What’s the Use of the Penny?

An in-depth article has just appeared on the cbc.ca website arguing the pros and cons of abolishing the Canadian penny and eventually the nickle, as Australia and New Zealand have done in the early 1990s.

I recall in Halifax in the early ’90s, several years after the replacement of the $1 bill by the “loonie” and shortly after the replacement of the $2 bill by the “toonie,” the Barrington Street branch of the Toronto Dominion Bank tried to do its bit to get rid of the penny by accepting it but not giving it out. The argument went along the lines that it costs more to handle the little dark coins than they’re worth. But then it seems that initiative petered out and pennies are as plentiful today as they were back then despite some claiming that each penny costs as much as 4 cents to produce.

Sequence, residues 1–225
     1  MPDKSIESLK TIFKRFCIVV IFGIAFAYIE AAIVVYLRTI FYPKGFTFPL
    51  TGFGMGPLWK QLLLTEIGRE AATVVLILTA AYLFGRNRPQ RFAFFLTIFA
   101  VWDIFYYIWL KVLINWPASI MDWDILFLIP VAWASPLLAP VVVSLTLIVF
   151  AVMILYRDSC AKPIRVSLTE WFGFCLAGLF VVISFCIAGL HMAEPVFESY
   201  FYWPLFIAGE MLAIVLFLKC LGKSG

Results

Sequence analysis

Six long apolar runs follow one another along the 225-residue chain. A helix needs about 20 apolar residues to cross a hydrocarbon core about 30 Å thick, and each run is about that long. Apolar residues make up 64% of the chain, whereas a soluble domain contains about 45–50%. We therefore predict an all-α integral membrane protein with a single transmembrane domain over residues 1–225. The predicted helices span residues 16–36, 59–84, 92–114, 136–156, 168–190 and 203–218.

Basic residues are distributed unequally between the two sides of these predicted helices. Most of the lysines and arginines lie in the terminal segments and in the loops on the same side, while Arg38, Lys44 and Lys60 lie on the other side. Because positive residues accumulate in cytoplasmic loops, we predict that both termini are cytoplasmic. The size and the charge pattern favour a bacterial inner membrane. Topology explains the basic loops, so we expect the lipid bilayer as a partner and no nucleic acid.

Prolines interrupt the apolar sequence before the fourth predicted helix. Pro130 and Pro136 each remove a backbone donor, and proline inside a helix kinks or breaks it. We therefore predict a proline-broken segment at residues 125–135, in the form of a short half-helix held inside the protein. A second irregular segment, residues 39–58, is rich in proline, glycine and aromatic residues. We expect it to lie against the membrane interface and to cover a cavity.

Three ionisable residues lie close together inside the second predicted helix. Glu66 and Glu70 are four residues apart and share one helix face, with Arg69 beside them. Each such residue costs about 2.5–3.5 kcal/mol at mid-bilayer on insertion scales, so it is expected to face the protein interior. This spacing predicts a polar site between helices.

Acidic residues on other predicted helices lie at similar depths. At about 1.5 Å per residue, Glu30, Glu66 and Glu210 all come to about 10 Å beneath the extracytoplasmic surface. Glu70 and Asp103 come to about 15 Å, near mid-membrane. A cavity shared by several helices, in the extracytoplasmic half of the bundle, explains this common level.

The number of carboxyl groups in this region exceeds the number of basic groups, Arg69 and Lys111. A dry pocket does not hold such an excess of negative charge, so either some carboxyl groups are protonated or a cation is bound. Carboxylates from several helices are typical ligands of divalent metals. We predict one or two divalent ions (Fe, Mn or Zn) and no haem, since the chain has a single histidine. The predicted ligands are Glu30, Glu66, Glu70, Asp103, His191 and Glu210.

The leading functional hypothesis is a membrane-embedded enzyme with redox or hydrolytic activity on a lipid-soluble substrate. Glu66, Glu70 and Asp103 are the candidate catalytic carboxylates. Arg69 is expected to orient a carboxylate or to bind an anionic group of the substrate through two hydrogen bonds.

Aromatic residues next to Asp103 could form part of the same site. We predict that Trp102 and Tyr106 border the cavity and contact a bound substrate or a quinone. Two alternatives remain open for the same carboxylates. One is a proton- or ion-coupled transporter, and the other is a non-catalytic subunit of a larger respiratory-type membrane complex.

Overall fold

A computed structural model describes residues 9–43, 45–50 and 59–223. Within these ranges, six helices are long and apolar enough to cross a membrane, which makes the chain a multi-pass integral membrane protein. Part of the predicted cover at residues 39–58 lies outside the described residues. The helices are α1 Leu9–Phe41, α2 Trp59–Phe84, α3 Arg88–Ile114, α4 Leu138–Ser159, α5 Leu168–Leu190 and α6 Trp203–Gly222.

I have a little container full of pennies on my kitchen counter — probably a few dollars’ worth. I also try to separate my nickles, dimes and quarters, and often I think of ways of offloading my accumulated quarters. Nickles and dimes are trickier, although I suppose I could burn through them quickly enough by buying a few cups of Tim Horton coffee with them. I try to use my pennies when I’m carrying them with me, but that’s not often because I methodically empty my pockets when I come back home and throw them in that penny container which by now is almost overflowing.

I’m just one of 32 million Canadians with a container full of pennies I don’t recirculate, and the Desjardin Group estimates in that article that each Canadian on average is holding on to about six dollars’ worth. That’s $192,000,000. Given that one can hardly make a full purchase with a dollar coin these days, I think it may well be time to get rid of the penny and start using the “Swedish rounding” method described in that article.

And I wonder when, if ever, the Americans will replace all $1 bills with $1 coins in their currency.